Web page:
Dave Coppedge is back to keeping score on planet theories
|April 27, 2012||Posted by News under Extraterrestrial life, News|
Dave Coppedge is back to blogging and on what better than planet theories (formerly a Cassini [Saturn] mission specialist), “Planet Theories vs. the Evidence” (Creation-Evolution Headlines, April 26, 2012 ):
Mars: The dry-Marsers scored more points over the wet-Marsers this month. In Nature News (April 11), Eric Hand wrote an article entitled, “Dreams of water on Mars evaporate: Climate models reveal the red planet was mostly cold and dry.” The pendulum has swung back to the dry-Marsers:
Last month, Jim Head, a planetary scientist at Brown University in Providence, Rhode Island, threw a wet blanket on the idea that Mars was ever very wet at all, in a keynote talk at the Lunar and Planetary Science Conference in The Woodlands, Texas. Head and others are assembling a picture of a Mars that was cold and dry from the beginning, punctuated at most by short bursts of wetness. “The notion of a palm-tree-covered Mars has waned,” says Stephen Clifford, a planetary scientist at the Lunar and Planetary Institute in Houston, Texas, who is organizing a conference in May on the early climate of Mars.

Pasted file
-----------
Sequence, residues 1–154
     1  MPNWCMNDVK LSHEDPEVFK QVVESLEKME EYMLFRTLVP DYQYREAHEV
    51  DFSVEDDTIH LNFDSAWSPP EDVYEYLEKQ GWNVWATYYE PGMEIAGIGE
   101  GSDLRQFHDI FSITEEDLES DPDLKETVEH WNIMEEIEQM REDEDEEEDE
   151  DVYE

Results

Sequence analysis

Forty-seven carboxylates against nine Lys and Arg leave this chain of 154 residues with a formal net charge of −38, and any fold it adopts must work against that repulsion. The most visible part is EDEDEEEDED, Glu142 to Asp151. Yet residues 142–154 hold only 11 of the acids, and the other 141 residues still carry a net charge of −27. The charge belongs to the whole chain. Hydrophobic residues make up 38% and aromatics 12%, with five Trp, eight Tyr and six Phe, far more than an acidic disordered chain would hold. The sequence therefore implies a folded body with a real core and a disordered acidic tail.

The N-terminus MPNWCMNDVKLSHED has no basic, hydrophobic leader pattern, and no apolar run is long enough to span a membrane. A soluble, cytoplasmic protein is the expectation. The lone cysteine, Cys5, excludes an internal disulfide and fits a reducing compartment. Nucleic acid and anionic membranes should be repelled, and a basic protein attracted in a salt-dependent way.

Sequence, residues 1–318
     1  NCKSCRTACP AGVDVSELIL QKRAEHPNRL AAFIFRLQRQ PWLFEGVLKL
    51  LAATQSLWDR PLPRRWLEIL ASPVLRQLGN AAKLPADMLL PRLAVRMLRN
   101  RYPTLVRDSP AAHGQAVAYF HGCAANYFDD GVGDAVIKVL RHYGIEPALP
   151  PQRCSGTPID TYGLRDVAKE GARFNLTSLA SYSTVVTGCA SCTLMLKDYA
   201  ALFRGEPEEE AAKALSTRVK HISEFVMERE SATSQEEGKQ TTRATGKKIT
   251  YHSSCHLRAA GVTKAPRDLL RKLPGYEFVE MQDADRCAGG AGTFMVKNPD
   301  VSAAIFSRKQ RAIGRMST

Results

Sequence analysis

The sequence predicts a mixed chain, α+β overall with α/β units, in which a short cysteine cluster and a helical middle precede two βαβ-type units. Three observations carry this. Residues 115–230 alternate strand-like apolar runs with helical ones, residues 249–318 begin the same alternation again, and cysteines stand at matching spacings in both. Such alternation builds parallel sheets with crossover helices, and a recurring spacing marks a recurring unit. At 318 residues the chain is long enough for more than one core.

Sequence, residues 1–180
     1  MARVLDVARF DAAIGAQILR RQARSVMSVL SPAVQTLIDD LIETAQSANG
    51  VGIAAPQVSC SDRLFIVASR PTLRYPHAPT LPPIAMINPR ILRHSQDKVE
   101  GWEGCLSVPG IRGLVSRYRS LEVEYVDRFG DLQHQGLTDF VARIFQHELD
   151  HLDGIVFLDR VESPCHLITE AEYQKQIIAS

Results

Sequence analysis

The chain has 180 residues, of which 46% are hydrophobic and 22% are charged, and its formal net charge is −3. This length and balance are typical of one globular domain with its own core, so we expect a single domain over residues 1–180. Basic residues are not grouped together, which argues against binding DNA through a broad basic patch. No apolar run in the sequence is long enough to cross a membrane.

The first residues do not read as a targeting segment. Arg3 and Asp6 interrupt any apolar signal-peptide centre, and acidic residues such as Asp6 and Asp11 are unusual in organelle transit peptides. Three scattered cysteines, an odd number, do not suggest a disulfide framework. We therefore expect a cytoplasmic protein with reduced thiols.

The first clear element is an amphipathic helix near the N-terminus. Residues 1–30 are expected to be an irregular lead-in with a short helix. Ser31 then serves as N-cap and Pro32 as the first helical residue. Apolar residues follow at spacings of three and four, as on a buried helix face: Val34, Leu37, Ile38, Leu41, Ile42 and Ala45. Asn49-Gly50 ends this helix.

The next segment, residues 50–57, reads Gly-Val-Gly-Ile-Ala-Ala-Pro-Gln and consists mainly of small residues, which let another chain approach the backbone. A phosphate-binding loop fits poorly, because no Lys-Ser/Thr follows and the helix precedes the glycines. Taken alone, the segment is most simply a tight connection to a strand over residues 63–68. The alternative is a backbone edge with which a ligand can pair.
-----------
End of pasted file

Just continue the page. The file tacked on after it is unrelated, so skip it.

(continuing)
Head’s “revisionism” is driving Mars lifers into hiding: “[Jeff] Andrews-Hanna [Colorado School of Mines] says the shift in thinking doesn’t rule out life on ancient Mars, but instead drives it deeper underground.”
A paper in Science today (27 April 2012: Vol. 336 no. 6080 pp. 449–452, DOI: 10.1126/science.1219437) doesn’t need Martian water, either. Strange-looking polygons and coils in Athabasca Valles were explained by Phil Christensen and Andrew Ryan as artifacts of lava flows. The spiral coils found by Ryan on HiRise photos from the Mars Reconnaissance Orbiter (see photo on National Geographic News) are like fossil eddies created by shear stress in the flowing pahoehoe lava (see Science Daily). They don’t require water or ice for their formation. Moreover, they formed quickly: More.